Learning More about Electronics and Hardware on Your Raspberry Pi - dummies

Learning More about Electronics and Hardware on Your Raspberry Pi

By Richard Wentk

Part of Raspberry Pi For Kids For Dummies Cheat Sheet

Being able to design, build, and use your own extras is a big part of the appeal of small-board computers like the Raspberry Pi. Maybe you’ve heard of the Internet of Things? As a catchphrase, it means making computers that are small enough and cheap enough to plug into almost anything – as opposed to big desktop computers, tablets, and phones, which are expensive and really work only as computers.

The Pi is a good way to get started with the Internet of Things. If you know enough about electronics, you can plug almost anything into it, and maybe switch things on and off or control them in other ways too.

Electronic circuits send electricity around a circuit. Components in the circuit trap and herd the electricity so that it does useful stuff. You also need to know what the components do, and what the words mean. Here’s a quick guide to the words you’ll see:

  • Voltage measures how much of a kick the electricity has. If you have too much voltage, you can blow up a circuit. Some components have a “just right” voltage, and don’t work if the voltage is wrong.

  • Current (amperage) measures how much electricity is flowing. If you have too little, a circuit won’t work.

  • In a digital circuit, voltages are one of two levels – usually 0V and 5V, or 0V and 3.3V.

  • In an analog circuit, the voltage can be anywhere between a maximum (biggest) and minimum (smallest) range. When the voltage waggles around – for example, because it’s playing music – the waggle is called a signal. The range is often 1V to -1V. Sometimes it’s bigger.

  • Electronic parts come in two forms. You can buy components, which are individual bits and pieces. You need to know a lot about electronics to design your own circuits with bare components, so it’s usually easier to buy boards that have components soldered on to them to do a specific job.

  • A transistor is a component that can work as an electronic switch, or as an amplifier – a way to make a small signal bigger.

  • Technically, a resistor is a component that makes it harder for electricity to get from one part of a circuit to another. In practice, resistors are do-it-all components that set up transistors, sensors, and other semiconductors so they do a specific job.

  • Technically, a capacitor is a kind of mini-battery component that can charge up and discharge very quickly. Like resistors, capacitors have a lot of different uses.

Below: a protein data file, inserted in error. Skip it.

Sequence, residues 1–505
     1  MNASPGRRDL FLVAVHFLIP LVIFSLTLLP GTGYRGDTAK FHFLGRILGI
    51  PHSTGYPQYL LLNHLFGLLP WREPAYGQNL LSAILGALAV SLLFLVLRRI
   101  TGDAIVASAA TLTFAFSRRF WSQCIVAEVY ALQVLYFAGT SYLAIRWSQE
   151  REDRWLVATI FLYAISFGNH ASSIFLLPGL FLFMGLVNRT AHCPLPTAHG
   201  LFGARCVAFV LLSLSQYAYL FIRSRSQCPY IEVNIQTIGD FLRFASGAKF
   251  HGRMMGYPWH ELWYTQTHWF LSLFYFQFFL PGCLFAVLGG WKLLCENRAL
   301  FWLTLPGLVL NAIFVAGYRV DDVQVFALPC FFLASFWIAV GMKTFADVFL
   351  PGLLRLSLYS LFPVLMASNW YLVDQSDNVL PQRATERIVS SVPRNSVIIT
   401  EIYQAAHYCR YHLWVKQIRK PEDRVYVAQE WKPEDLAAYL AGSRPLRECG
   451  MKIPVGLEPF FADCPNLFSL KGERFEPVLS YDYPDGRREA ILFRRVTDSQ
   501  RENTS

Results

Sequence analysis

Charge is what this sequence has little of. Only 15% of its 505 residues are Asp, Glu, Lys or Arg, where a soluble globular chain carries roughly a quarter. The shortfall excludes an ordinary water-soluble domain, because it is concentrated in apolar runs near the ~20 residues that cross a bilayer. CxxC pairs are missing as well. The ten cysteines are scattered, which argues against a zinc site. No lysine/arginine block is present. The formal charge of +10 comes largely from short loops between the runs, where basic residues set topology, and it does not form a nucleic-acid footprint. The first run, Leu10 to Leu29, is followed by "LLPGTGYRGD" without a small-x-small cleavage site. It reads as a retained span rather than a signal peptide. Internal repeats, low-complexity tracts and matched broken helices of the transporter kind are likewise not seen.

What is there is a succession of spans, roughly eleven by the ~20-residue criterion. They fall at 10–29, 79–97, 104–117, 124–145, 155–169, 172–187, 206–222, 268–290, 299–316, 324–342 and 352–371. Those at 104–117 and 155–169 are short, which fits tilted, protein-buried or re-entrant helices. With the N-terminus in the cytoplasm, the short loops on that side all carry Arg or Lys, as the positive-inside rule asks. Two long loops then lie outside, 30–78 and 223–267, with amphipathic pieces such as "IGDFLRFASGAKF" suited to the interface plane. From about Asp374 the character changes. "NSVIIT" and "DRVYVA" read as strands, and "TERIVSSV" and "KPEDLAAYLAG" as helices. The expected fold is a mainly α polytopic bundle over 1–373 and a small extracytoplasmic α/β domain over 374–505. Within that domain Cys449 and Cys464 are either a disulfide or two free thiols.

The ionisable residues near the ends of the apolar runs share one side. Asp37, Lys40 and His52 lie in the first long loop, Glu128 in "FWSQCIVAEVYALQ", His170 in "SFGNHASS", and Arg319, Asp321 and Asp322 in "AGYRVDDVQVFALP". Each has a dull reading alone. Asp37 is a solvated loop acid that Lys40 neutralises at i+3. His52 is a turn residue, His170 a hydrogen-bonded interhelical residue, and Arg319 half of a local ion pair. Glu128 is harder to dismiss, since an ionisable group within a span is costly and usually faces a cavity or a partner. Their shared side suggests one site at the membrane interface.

• A semiconductor chip is a component with a big mesh of transistors on a tiny sliver of silicon buried inside a plastic case. Chips do all kinds of clever things. There are literally tens of thousands of different chips!

  • A sensor is a chip that measures something. There are sensors for all kinds of applications – for example, you can measure temperature, humidity, air pressure, movement, light levels, and location on the Earth using the GPS (Global Positioning System).

  • Opto-electronics is a catchall name for electronic components that make light, including LEDS (Light Emitting Diodes), electroluminescent wires and panels, lasers, and the like.

  • Display are mini-screens. Technically they’re opto-electronic components, but if you’re looking to buy one, they often have their own section on websites. Some displays have touch sensors, so you can throw away your mouse. Displays are handy for stand-alone projects that don’t need a big computer screen.

  • Headers plug into the Pi’s pins. Sometimes they connect the pins to electronics on a board, but include an extra row of pins so that you can connect more stuff. Cables are . . . cables. Ribbon cables can connect to lots of pins at the same time, with a big flat pancake of cables. The cables often have different colors so that you can tell them apart.

So much for components. Here’s a list of boards you can buy:

  • Breakout boards. Make it easy to connect things to your Pi. Basically they “break out” wires or connectors from a small space you can’t get your fingers into, into a bigger space that’s easier to work with. They don’t usually do anything else.

  • HATs. A board that plugs directly on top of your Pi is called a HAT – because it’s a bit like a hat for your Pi (only not as cool as a real Fedora). You can buy all kinds of HATs, and they keep going in and out of stock.

  • RTC. Short for Real Time Clock – a board that remembers the time for your Pi when you power it down. (Don’t forget, the Pi gets the time from the Internet when it boots. No Internet? The time will be wrong – unless you have an RTC board.)

  • DAC and ADC. Short for Digital to Analog Converter and Analog to Digital Converter. A DAC outputs an analog voltage; an ADC measures an analog voltage. You can use both for general measuring duties or for recording and playing music.

  • Audio board. A board that’s designed for music and sound. Usually it includes an ADC for recording and a DAC for playing back. Because the Pi’s sound isn’t great, an audio board can do a lot to improve it.

  • Stepper motor driver. A big, beefy circuit that can drive a motor. Stepper motors literally step instead of turning smoothly. They’re good for making precise movements, so they’re often used in robots.